This month, we caught up with Rushika Wick. After a stellar poetry year and the release of her collection Afterlife As Trash, she reflects on the how and why of her work as well as its brilliant reception…
Hello! As always, we start with a catch-up: how are you doing? What have you been up to?
I’ve been observing the lack of differentiation between the seasons with a sense of dystopian dread and countering this by swimming in open water, reading incredible books and hugging people I love inside as many different buildings as possible (we are privileged to have plenty of vaccines available here). One of the things I’ve developed since the series of lock-downs is a deeper appreciation of nature, another is awareness of the poetics of physical space.
Swimming is turning out to be a trend in the poets we’ve talked to this year – Shazea Quraishi talks about it in her interview too.
In terms of news, I’m excited to be an editor for a forthcoming project run by sunseekers poetry and Carnaval Press exploring the broad definitions of ‘Disease’ – follow us on Instagram for the submission period! I’ve also joined the assistant editorial team at Tentacular with a forthcoming issue on Technology (also submit!) Having grown up in a family of cosmologists, nanotechnologists and biologists, this is a dream come true. Asimov remains a favourite author and I’m enthralled by how Jorie Graham writes from the future perspective in her latest collection Runaway.
It’s amazing to hear that you’ve got so many exciting things going on! Speaking of enthralling collections, could you tell us a bit about your weird and wonderful creation Afterlife As Trash?
Afterlife As Trash (I now wish was lower case to be anti-power differential) is a political work exploring ways in which people’s freedoms and lives are constrained and bewitched by systemic controls. In particular, that of late capitalism and the patriarchy. The title alludes to the idea of deferred spiritual gratification being the norm and displaced by material pursuits or distractions.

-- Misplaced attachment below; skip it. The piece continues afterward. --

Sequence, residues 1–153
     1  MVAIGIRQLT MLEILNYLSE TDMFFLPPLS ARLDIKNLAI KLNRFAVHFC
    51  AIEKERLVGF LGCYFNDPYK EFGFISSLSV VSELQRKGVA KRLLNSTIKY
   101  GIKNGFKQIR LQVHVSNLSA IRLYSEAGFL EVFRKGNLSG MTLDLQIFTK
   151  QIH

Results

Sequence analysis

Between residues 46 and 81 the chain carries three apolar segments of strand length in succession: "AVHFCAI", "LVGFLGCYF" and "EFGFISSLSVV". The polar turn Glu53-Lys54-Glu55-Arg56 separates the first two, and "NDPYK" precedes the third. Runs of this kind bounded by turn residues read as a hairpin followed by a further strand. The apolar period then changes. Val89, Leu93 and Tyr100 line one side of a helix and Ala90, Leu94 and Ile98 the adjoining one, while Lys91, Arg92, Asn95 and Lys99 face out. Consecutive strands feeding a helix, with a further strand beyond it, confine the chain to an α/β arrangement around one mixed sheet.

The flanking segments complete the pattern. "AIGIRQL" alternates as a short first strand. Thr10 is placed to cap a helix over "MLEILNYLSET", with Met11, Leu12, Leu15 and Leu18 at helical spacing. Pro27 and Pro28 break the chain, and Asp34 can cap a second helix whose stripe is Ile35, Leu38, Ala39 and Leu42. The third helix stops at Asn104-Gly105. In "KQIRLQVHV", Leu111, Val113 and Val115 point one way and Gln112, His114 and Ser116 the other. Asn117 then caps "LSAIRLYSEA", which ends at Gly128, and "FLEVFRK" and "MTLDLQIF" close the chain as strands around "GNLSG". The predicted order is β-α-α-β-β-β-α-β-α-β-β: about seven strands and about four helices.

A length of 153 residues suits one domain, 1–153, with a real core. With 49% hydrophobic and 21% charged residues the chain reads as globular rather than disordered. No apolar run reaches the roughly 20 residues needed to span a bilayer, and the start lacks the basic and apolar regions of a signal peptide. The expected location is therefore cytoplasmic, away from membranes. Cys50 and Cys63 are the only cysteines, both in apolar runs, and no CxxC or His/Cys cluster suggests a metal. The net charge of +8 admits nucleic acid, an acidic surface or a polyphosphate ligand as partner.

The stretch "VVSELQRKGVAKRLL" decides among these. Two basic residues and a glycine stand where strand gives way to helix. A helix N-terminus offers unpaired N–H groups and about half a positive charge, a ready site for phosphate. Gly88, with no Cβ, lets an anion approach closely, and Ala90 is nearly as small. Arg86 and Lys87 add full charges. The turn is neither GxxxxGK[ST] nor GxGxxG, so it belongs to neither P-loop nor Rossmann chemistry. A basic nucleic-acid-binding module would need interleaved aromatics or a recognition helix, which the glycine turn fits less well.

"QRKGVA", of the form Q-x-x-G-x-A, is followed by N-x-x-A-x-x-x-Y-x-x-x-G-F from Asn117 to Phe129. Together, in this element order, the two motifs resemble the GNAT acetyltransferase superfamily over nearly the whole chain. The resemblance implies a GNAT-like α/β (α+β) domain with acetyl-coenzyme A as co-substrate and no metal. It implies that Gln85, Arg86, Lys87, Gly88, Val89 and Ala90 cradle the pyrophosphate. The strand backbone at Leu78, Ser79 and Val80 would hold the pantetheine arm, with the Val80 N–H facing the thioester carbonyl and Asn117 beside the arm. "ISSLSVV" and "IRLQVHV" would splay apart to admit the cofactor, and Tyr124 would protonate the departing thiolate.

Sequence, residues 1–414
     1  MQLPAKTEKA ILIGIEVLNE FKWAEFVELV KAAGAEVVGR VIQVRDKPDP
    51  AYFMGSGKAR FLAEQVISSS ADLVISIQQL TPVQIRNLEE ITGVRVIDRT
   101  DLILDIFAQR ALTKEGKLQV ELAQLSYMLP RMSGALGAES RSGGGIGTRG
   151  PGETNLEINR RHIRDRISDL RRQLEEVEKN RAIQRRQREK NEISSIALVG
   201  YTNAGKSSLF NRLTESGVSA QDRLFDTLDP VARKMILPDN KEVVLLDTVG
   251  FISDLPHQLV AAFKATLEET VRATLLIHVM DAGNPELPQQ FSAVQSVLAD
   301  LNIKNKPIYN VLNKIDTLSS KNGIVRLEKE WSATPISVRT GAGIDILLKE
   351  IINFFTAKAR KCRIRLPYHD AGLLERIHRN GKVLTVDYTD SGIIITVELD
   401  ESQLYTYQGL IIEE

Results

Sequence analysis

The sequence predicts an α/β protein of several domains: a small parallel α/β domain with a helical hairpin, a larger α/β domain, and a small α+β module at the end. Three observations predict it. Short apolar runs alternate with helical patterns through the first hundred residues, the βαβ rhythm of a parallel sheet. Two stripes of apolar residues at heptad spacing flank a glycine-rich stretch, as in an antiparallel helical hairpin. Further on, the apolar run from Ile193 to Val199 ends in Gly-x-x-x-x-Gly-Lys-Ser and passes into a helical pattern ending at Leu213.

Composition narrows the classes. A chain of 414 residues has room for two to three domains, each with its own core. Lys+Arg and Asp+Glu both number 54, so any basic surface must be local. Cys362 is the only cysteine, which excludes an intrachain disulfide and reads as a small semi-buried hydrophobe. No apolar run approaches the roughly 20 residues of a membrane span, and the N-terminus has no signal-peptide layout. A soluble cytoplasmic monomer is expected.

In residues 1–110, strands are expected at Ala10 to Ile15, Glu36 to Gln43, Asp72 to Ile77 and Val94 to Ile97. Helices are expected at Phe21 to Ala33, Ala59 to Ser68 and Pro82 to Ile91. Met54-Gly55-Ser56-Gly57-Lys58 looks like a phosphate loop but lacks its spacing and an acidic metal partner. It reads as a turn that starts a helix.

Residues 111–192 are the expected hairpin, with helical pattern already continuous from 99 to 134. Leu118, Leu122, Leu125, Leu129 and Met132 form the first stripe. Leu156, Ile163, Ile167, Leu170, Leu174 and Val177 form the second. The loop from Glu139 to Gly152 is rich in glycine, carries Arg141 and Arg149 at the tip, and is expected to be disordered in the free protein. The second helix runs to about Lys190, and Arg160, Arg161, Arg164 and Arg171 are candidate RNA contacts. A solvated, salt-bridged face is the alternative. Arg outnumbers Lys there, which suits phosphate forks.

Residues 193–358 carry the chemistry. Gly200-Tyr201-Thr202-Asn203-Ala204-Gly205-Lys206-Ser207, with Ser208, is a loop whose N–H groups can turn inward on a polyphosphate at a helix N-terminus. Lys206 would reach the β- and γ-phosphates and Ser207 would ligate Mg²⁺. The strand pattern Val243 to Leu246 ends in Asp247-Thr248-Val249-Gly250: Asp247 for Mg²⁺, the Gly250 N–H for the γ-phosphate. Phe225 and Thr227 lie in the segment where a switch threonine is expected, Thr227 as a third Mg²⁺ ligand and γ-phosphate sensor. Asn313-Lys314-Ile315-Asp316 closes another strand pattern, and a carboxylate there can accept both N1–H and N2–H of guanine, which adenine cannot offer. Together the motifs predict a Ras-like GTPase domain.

It invites consideration of the term “trash” which is meaningless as all things can be re-used, recycled in the way that all matter and energy is finite. Waste is arguably a capitalist construct and an extremely harmful one. I’m privileged to have had Fran Lock review the collection with the sharpest senses and wit in Culture Matters (online) magazine- she probably understands the work better than I do, so maybe read her review.
The book also explores our ecological stance as a species in a very between-the-cracks manner. Weeds or wild flowers of such ideas and of the need for a new relationship with nature push through. Ana Seferovic (Verve release pending!) sent me a podcast (LARB) where a performance artist witch – ‘The Oracle Of LA’ – was interviewed. She views green Wicca as being political, as it provides a radical re-engagement with our natural environment via enchantment as a process. This is profound to me.
There are so many of these wonderful and complex ideas explored in the collection – our editor Stuart Bartholomew has said he was hooked from page one! Could you tell us about the first poem of the collection, ‘Diaries Of An Artist in Hiding’?
Diaries was written on the way to work listening to the radio covering the plight of zero hours contract workers during the pandemic, thinking about the struggles some of my artist friends were experiencing. Spending their time doing things they did not enjoy so that they could put food on the table. I find my work as a paediatrician in the NHS very rewarding but at times I am saddened that I would not be supported (by society) to take time out to purely write. There is a false discourse for not valuing The Arts, denying their ethical, therapeutic and heuristic drives which is retrograde.